“Food for Thought” Salon Series
Join us for a new kind of salon-style gathering called "Food for Thought" where guests are treated to drinks and cuisine paired with scintillating presentations about the Classics and how they enrich modern lives.
Calder Classics events feature excellent food accompanied by in-depth talks with top authors, scholars and insiders providing nourishment for your body and mind. Join other interested guests for dining and discourse on topics in language, literature, history, music, art and fashion. Participants are encouraged to engage in the lively exchange of ideas. Each event takes place at a home or business in New York City in an intimate atmosphere with excellent food and refreshments.
These events support Prep for Prep's Calder Classics scholarship fund for Prep students to attend Calder Classics spring and summer educational summer programs in Europe. Prep for Prep (www.prepforprep.org) is a nonprofit 501(c)3 organization and contributions are tax-deductible.
Upcoming events include:
Representations of Byzantine Power in the Mosaics of San Vitale
Art historian, Jenny Eskin, will discuss the sixth-century Byzantine Empress Theodora and representations of her prowess as depicted in the mosaics of San Vitale in Ravenna, Italy. Jenny will also look at Thedora’s political influence on her husband, the Emperor Justinian, and the art historical context for the dazzling mosaics and architecture. This event is hosted by our friends at Rosanne Pugliese on Henry Street in Brooklyn.
Previous events include:
The Origins of Modern Italian Fashion in Renaissance Art
Meg Shore, Calder Classics' resident art historian, spoke about how art was fueled during the Renaissance by the patronage of a wealthy clientele, and how portrayals and settings were intended to glorify the sitter. Her talk covered the look of garments in familiar paintings by the artists of the Renaissance - the costly fabrics, the designs, the colors - and how the art conveyed a message on many levels. Meg presented images of paintings where classical figures such as Aphrodite/Venus and Athena/Minerva are referenced, often idealized. On a more local Florentine level, she looked at how symbolic forms in the fashion shown in the art communicated Medici power. This event was hosted by our friends at Pachute on Atlantic Avenue.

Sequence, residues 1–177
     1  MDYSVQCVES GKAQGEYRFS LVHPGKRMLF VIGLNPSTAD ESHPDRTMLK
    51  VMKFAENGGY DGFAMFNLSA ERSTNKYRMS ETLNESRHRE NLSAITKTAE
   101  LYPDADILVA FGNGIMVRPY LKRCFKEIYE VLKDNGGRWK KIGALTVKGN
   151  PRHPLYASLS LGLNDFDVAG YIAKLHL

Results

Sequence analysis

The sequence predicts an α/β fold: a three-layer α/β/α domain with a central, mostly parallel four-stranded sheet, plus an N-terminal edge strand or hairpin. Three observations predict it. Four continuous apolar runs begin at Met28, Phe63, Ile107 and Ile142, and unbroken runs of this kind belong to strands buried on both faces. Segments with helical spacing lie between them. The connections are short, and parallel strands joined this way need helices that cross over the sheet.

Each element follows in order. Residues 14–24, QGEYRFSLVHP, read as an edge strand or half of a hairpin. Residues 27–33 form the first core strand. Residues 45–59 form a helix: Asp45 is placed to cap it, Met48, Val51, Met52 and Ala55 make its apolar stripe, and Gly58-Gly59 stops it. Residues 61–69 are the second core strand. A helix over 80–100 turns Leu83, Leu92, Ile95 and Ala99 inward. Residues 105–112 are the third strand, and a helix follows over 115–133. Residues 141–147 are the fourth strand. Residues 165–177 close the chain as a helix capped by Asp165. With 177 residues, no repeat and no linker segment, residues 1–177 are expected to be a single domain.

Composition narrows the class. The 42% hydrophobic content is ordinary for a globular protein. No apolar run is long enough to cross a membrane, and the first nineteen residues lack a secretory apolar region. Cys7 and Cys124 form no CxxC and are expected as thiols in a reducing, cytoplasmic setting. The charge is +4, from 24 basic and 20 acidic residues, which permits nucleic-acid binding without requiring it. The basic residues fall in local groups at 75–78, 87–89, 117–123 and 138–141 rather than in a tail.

Modern and Ancient Winemaking in Italy
Eleanor Shannon, a sommelier and writer living in Tuscany joined Calder Classics’ donors for a unique wine tasting. Celebrating a selection of 4 natural, organic and biodynamic Italian red and white wines (8 in total) made exclusively by Italian women, Eleanor shared the secrets of the success of these women winemakers. Some of the wines Eleanor selected are made by methods that have not changed substantially since Etruscan times.
Fake News: You Can’t Spell History Without “Story”
To what extent were the ancient Greeks and Romans consumers of fake news? Daniel Paul discussed some classical examples where "ancient news presenters" deliberately misled their audiences or created 'alternative facts'. He moved from the world of fiction and the various accounts of what really happened to Helen of Troy to the historians who claim to have visited places that they clearly hadn't or witnessed speeches which we know they are reporting incorrectly. With the help of Star Wars (old and new movies), we considered what the various goals, motives, excuses, or legitimate reasons for these stories might be, and we discovered a lot about the nature of storytelling from ancient to modern times that was as present in the Graeco-Roman world as it is today.
Controversial Leaders of Antiquity
In this four-talk series on Controversial Leaders of Antiquity, Daniel Paul presented talks on Caesar, Cicero, Antony and Augustus, highlighted with relevant clips from Game of Thrones and other contemporary classics. A lively discussion followed with fun and informative looks at governance, military campaigns and the general popularity of rulers of powerful entities.
Was Alexander the Great Really Great?